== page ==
Mental Illness Issues Critical for Mäori Health
Mental illness and mental health problems are the most pressing health needs affecting Mäori today, says Clinical Coordinator Paul Hirini from Te Rau Matatini, a Maori Mental Health Workforce Development organisation.
“Demand for Mäori mental health services is increasing at a time when the sector is experiencing a shortage of skills, expertise and a suitably prepared Mäori workforce”, he says.
A national survey of Mäori mental health workers was launched earlier this month by Te Rau Matatini to identify key areas of training need. The results of the survey will be used to develop training packages which enhance both the cultural and clinical expertise of Mäori working in mental health.
“We want to ensure that the training meets workers’ needs which will assist Te Rau Matatini providing the opportunity for Mäori to have direct input. We encourage them to complete the survey so that we can develop training that supports their needs,” says Paul Hirini.
The training packages will be trialled early next year.
“The retention and recruitment of Mäori mental health workers is also a key priority for the organisation, as it seeks to develop Mäori mental health services that are responsive to the needs of Mäori,” says Paul Hirini.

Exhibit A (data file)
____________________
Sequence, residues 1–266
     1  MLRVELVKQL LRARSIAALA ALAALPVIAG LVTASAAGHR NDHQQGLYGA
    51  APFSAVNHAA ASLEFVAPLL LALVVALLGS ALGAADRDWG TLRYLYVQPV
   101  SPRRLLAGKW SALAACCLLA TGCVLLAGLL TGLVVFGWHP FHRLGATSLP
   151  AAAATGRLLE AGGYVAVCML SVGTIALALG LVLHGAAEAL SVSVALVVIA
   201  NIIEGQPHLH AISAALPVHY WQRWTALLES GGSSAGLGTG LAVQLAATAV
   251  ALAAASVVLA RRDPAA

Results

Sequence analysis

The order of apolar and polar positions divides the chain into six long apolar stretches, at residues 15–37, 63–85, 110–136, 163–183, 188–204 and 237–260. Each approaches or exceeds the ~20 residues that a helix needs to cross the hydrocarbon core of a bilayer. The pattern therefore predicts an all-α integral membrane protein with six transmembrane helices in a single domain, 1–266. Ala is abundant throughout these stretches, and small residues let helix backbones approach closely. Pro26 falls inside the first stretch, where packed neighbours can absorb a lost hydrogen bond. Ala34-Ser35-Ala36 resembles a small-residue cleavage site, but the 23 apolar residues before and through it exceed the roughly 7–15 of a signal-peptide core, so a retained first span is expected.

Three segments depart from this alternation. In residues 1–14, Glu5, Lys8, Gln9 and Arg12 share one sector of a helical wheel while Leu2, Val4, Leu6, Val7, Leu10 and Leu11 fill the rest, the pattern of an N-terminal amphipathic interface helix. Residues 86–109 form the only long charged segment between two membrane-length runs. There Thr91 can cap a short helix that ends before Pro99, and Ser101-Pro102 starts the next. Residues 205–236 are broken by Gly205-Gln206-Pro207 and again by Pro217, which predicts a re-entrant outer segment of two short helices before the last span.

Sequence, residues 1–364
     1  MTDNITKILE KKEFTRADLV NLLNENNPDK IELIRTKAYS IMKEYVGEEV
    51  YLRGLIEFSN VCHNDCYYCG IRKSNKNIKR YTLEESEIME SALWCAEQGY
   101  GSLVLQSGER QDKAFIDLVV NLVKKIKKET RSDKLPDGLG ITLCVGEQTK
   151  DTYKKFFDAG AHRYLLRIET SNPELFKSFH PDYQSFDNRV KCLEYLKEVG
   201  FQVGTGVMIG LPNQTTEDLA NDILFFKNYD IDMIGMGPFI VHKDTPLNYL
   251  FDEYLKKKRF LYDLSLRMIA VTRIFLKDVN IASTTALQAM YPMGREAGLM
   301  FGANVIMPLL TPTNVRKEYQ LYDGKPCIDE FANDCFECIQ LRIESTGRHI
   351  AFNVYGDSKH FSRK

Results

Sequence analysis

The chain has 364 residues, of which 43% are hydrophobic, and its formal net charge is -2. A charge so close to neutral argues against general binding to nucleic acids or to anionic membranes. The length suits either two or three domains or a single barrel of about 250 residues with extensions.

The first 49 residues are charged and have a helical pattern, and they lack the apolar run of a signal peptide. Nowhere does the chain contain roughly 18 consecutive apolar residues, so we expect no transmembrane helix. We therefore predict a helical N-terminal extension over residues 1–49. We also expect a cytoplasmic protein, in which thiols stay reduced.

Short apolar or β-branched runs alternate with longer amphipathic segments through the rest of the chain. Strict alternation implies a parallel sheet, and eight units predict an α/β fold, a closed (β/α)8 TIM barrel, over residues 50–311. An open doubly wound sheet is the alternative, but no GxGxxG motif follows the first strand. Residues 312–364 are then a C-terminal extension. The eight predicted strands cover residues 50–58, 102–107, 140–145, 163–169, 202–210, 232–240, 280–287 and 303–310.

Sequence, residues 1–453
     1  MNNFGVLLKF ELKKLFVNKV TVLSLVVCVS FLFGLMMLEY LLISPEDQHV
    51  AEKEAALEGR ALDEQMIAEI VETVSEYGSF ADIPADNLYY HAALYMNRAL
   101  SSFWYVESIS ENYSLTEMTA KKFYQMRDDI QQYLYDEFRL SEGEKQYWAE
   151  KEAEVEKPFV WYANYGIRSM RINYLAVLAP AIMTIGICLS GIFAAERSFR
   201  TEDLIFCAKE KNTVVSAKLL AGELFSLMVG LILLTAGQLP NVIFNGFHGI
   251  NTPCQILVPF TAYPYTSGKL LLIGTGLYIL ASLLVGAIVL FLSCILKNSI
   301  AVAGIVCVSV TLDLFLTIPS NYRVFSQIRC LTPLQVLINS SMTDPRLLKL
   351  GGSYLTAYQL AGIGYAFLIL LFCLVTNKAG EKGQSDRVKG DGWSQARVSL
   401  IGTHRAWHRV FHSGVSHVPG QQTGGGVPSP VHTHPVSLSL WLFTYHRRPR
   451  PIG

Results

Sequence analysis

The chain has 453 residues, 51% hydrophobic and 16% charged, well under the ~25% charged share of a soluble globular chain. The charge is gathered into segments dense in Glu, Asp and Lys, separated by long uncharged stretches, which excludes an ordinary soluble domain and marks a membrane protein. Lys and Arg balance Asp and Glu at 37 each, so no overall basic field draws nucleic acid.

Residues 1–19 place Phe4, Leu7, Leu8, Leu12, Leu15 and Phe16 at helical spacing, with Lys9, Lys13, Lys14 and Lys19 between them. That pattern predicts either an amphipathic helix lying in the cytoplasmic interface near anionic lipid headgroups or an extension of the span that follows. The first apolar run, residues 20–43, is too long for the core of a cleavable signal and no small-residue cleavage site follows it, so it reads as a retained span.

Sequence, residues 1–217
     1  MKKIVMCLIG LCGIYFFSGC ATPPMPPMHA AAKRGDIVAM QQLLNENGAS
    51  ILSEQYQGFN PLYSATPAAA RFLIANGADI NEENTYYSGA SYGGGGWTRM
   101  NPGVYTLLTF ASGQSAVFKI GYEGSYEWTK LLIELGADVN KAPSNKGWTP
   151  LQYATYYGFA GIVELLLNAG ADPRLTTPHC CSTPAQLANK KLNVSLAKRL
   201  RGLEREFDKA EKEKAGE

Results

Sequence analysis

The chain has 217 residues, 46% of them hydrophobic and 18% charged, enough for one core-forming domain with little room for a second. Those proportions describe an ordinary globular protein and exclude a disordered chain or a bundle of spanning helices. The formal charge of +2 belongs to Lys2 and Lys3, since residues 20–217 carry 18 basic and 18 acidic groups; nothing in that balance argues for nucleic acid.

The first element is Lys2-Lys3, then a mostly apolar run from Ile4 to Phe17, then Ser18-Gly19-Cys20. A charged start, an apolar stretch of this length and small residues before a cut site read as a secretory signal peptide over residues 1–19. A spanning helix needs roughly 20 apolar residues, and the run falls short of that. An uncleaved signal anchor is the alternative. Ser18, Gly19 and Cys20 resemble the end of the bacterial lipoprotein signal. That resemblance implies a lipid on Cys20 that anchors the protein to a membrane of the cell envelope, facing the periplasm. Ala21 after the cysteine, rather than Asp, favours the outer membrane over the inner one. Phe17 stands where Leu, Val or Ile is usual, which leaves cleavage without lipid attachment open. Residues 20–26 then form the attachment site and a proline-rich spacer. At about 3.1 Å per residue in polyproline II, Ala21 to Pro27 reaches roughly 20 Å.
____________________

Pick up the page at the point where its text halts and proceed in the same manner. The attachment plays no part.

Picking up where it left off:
“Mental health is a challenging, yet very rewarding and important industry to be involved in. We want to promote that message to people who are looking at future careers or those who may be looking to make a career transition,” he says.
Te Rau Matatini Director Mason Durie says: “Critical to addressing mental health problems for Mäori is the need to have a workforce that is well prepared from both clinical and cultural perspectives. Te Rau Matatini is an important step in this direction.”
The latest figures released by the Health Workforce Advisory Committee Stocktake revealed 1.4% of registered psychologists are Mäori and less than 1% of occupational therapists and psychiatrists.
The survey has been distributed nationwide to Mäori mental health providers and can also be completed on line at www.matatini.co.nz.
A summary of the survey’s findings will be available on the Te Rau Matatini website in October.
Training programmes to support the Mäori mental health workforce will be released in 2003.